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Eating Disorders Rise Sharply During First Year of College

Experts advise parents to be aware of changes in their kids' behavior when they first come home from college.

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By McCarton Ackerman

12/28/12

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While the "Freshman 15" remains a humorous trope for many incoming freshman, the reality is that eating disorders often set in during the first year of college. The National Institute of Mental Health reports that 25% of college students have eating disorders, while the National Association of Anorexia Nervosa and Associated Disorders reports that the same percentage of college women maintain their weight by binging and purging. Although the problem is more widespread among women, 10 to 15% of all anorexics and bulimics are male. And the average age for onset of anorexia is bulimia is 18 to 20, roughly the same age that most teens begin college. For parents who have noticed a drastic shift in weight with their child, most counselors and therapists recommend broaching the subject delicately. "Ask open-ended, tentative questions," advises Nashville, Tenn. psychotherapist Kim Simpson. "[Say] I notice your eating habits changed. Want to talk about that?" Holly Fitzhenry, a Mercy Ministries counselor, advises being even more subtle. "Don't come at it from an eating angle," she recommends. Parents can ask, "What went well for you this semester? What are you disappointed with?" That could include friends, grades, or food, offering a segue to discussion of the campus meal plan. Experts suggest asking: "Did your plan include too much food? Not enough?" This can lead in to: "You seem anxious/sad/preoccupied with food. I'm concerned. Anything you want to talk about?"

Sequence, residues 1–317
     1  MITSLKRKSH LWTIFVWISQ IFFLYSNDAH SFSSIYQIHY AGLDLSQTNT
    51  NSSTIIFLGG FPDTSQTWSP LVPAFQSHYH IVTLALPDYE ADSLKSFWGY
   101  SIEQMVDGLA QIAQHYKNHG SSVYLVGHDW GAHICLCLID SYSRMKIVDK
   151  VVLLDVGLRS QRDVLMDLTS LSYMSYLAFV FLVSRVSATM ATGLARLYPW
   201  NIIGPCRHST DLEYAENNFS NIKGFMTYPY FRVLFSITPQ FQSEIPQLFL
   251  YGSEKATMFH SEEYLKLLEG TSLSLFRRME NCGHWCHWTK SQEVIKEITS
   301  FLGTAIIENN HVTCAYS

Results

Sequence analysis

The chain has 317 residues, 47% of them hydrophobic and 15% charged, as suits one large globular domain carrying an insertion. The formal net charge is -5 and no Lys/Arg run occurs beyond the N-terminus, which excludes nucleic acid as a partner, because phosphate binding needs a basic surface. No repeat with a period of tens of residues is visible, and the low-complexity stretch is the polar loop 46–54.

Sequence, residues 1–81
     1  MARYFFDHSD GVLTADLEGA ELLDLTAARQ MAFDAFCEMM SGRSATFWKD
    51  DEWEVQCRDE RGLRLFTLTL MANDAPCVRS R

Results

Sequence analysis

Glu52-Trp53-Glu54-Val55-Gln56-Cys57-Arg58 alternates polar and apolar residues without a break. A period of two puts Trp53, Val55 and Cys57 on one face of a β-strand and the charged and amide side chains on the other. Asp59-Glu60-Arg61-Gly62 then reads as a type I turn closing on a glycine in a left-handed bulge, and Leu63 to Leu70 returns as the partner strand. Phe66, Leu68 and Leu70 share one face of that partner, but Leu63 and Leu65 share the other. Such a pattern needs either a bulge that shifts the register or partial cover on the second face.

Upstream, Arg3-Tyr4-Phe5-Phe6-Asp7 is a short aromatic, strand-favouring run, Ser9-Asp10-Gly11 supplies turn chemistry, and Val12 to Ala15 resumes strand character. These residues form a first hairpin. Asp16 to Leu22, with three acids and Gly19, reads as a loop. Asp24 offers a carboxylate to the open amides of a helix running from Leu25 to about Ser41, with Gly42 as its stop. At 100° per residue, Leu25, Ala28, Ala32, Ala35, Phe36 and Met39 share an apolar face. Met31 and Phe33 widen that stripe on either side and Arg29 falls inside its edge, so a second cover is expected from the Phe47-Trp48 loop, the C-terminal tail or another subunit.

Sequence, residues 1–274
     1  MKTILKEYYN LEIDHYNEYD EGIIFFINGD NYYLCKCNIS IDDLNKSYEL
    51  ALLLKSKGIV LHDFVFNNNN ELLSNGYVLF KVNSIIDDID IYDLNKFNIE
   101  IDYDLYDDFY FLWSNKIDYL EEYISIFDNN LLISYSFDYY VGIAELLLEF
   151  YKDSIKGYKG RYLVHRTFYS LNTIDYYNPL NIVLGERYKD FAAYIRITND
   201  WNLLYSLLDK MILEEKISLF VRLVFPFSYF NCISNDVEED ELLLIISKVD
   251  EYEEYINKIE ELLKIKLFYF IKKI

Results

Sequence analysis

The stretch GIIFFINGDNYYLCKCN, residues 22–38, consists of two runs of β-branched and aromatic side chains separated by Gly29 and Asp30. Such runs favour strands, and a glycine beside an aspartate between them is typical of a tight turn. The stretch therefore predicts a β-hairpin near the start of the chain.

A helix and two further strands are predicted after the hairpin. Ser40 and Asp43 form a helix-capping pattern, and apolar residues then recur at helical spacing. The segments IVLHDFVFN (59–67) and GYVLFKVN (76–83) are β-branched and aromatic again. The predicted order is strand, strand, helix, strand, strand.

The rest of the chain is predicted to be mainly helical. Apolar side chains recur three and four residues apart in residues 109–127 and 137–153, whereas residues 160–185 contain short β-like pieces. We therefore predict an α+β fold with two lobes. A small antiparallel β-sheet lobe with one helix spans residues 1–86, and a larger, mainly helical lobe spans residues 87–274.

Parents should look for the common signs of an eating disorder in their child, which may include anxiousness, isolation, an obsession with appearance and/or food, and disappearing after meals, particularly to the bathroom. They are also encouraged to schedule an appointment with a family doctor and, if necessary, seek professional help. For resources and information on how to help a child who may be struggling with an eating disorder, contact the following organizations:

National Eating Disorders Association, helpline: 1-800-931-2237

The National Association of Anorexia Nervosa and Associated Disorders, helpline: 630-577-1330, email anadhelp@anad.org

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